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Wonder Group reveals their unique approach to ‘breaking the chain’

18 Aug 2020

Since its launch in 2014, Burger Burger has gained a heck of a reputation. Toted as serving some of the best – if not the very best – burgers in New Zealand, it’s a brand that’s been built on uncompromising values of quality, affordability, ethical practices and using locally-sourced ingredients.

Burger Burger was founded with the heart and soul of Kiwis in mind, so it came as no surprise when they chose Christchurch as the spot to open their first shop outside of ‘the big smoke’, says Buster Caldwell of Wonder Group, the interior design studio who spearheaded the project.

With such a strong brand personality and a quasi-cult following already established in Auckland thanks to the roaring success of the first three locations, the big challenge for the Wonder Group team was how they could help the Burger Burger brand expand to a new territory without the nasty notoriety of a chain persona following them there.

Buster compares his team’s strategy to styling the same person into different surroundings – perhaps a familiar fashion model featured in an on-location photoshoot, dressed head-to-toe in material sourced from local surroundings. Wonder Group made a list of what they consider to be Burger Burger’s DNA. Those features were defined and split into two categories: the ‘body’ and the ‘clothes’.

“The ‘body’ is all of the physical bits that are repeatable,” he explains, “like form and composition, furniture, layout and product offering. The ‘clothes’ are the heart of the space and the things that we can adjust contextually; culture, artistry, materials, energy, attitude and colour.”

“It was our challenge to find that delicate sweet spot,” says Buster.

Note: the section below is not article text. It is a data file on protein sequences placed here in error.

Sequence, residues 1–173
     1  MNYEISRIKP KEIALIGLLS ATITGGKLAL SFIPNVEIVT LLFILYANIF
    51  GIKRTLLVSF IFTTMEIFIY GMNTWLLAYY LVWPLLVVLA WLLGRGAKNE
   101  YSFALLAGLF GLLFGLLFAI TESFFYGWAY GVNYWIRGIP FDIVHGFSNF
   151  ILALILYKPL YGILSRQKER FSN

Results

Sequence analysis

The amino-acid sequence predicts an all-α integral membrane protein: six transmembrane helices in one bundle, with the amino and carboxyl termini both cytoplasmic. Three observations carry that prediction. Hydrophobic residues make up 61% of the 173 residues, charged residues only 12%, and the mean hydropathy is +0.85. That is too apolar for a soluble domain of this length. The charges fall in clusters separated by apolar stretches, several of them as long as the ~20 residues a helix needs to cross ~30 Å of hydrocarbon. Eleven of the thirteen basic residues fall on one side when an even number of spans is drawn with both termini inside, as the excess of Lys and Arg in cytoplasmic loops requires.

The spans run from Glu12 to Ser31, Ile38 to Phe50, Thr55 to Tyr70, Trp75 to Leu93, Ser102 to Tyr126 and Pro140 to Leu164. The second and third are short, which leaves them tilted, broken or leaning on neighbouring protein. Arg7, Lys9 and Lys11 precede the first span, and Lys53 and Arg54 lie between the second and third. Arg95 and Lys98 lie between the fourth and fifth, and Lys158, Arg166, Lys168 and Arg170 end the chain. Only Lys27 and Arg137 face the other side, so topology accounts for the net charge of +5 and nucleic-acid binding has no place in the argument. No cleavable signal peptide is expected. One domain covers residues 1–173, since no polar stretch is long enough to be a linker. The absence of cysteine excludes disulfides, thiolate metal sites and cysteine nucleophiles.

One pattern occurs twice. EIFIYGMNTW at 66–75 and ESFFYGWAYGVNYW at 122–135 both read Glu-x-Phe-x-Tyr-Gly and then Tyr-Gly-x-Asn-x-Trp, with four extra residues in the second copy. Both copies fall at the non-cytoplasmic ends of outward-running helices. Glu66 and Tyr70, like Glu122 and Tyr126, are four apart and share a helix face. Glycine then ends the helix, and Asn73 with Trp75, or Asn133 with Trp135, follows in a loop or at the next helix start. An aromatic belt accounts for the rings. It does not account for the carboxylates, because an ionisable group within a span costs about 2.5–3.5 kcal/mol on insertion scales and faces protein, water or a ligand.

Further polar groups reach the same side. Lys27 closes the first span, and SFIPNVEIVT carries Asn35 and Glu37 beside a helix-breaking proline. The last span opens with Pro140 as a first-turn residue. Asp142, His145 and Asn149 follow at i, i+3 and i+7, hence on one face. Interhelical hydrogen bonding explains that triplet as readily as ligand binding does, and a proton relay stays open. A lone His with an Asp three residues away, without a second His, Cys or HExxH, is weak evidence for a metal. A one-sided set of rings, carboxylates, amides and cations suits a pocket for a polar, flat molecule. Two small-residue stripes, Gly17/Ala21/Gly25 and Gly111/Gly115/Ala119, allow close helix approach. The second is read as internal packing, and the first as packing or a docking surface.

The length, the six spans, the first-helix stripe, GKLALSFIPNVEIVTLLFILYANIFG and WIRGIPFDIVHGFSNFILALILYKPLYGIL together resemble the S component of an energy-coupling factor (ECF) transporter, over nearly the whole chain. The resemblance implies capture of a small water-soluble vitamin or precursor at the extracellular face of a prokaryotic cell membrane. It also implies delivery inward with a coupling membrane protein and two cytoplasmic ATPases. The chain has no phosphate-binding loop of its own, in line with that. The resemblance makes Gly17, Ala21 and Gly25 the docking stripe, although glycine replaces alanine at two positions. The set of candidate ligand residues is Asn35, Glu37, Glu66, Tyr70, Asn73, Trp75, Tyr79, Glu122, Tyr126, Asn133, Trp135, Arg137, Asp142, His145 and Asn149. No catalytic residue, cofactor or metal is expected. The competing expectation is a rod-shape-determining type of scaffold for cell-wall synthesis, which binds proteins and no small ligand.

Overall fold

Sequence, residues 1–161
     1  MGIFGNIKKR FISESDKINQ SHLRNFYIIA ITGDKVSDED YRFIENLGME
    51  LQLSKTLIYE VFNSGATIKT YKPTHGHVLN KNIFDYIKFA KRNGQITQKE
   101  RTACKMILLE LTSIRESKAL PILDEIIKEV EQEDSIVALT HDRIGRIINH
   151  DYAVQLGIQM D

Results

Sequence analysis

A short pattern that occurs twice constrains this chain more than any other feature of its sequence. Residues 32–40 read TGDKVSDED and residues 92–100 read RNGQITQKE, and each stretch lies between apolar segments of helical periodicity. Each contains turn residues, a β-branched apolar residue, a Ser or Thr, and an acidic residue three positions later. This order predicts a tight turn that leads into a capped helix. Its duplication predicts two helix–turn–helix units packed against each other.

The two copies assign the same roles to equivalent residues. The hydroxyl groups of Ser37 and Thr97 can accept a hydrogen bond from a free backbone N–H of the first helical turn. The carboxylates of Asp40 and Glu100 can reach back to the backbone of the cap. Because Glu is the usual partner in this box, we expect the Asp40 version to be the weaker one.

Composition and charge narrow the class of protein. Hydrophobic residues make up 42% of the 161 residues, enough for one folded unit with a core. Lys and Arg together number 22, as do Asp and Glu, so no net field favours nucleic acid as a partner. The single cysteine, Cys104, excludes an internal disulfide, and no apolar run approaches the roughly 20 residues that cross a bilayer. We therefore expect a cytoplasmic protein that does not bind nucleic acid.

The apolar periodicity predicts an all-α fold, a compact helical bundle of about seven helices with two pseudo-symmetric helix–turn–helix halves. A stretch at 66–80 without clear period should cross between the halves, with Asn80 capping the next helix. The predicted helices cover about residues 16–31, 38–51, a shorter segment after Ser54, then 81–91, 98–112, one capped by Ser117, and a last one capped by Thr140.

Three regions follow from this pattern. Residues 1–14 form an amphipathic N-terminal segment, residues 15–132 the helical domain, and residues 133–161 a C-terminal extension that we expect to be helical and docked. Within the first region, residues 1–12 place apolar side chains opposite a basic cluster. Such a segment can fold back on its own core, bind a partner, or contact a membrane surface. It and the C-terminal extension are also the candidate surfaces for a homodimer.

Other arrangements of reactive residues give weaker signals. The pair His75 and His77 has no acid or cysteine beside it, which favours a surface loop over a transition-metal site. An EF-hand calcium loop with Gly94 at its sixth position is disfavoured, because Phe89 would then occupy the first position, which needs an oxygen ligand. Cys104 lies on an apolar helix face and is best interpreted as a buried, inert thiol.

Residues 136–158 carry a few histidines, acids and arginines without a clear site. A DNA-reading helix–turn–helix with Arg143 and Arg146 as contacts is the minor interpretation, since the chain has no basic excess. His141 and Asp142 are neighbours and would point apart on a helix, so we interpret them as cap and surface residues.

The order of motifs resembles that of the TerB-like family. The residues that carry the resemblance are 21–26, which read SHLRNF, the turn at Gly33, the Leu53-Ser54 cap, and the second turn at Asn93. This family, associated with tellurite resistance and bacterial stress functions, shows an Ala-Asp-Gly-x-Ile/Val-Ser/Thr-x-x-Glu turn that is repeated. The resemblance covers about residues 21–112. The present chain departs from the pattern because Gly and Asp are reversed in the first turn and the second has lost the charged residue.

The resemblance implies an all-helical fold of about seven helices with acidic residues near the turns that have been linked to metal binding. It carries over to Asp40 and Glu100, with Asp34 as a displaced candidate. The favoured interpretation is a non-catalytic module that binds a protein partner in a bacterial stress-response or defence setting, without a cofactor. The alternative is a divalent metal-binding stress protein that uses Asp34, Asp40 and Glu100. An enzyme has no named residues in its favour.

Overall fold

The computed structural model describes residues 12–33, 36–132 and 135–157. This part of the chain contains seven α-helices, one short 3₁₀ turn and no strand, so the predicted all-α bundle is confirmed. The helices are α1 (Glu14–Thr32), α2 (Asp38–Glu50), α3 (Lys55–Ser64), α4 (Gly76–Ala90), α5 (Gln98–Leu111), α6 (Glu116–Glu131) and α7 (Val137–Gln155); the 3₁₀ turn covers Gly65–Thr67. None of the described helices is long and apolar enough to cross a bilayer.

As much an interior design concept as it is a culinary one, the eyes are the first to feast. So, when it came to colour inspiration, Wonder Group used the rolling Canterbury plains as the local reference point, with warm dusty caramel tussock in the foreground and the scrubbed native green hilltops off in the distance. While these hues certainly tie into the landscape, the specific colours that the team pulled into the space are also known for being comforting and appetising.

“Colour theory tells us that mustards foster a warm, enshrouding and comforting environment – or what we defined as an ‘abundant table.’ It reminds one of the morning sun, the gooey deliciousness of the secret burger sauce and cues the feeling of a place a couple degrees hotter – important for the colder Canterbury climate,” says Buster.

Their key companion colour, forest green, “signals health, nature, provenance and, ultimately, good taste. The darker shades allow the once cavernous industrial building to feel immediately intimate, with the enclosure now reading as an enclosing dense environment rather than a stark empty structure.”

Through the walls, the design team was able to establish the perception of the new restaurant being worn in through layering Resene paint to create texture and depth, making it both befitting of the building’s original factory roots and “to deliver the comfort, nostalgia and the depth of the Burger Burger product,” says Buster. After an undercoat of paint had been applied, they invited in a set building crew to assist with the layering of paint, applying a range of darker undertones in situ to slowly building up depth and lightness with buckets of varying shades. Together, the hues form a high-energy yet nostalgic stimulant. Or, as Buster calls it, “deliciously brave and tasty, yet still classy with the oozing warm burnt tones.”

Buster says that “provincial kiwis don’t like Aucklanders coming in to try and run their town” – and nor should they. “So, our ultimate challenge and creative brief was to design with the community rather than for it.”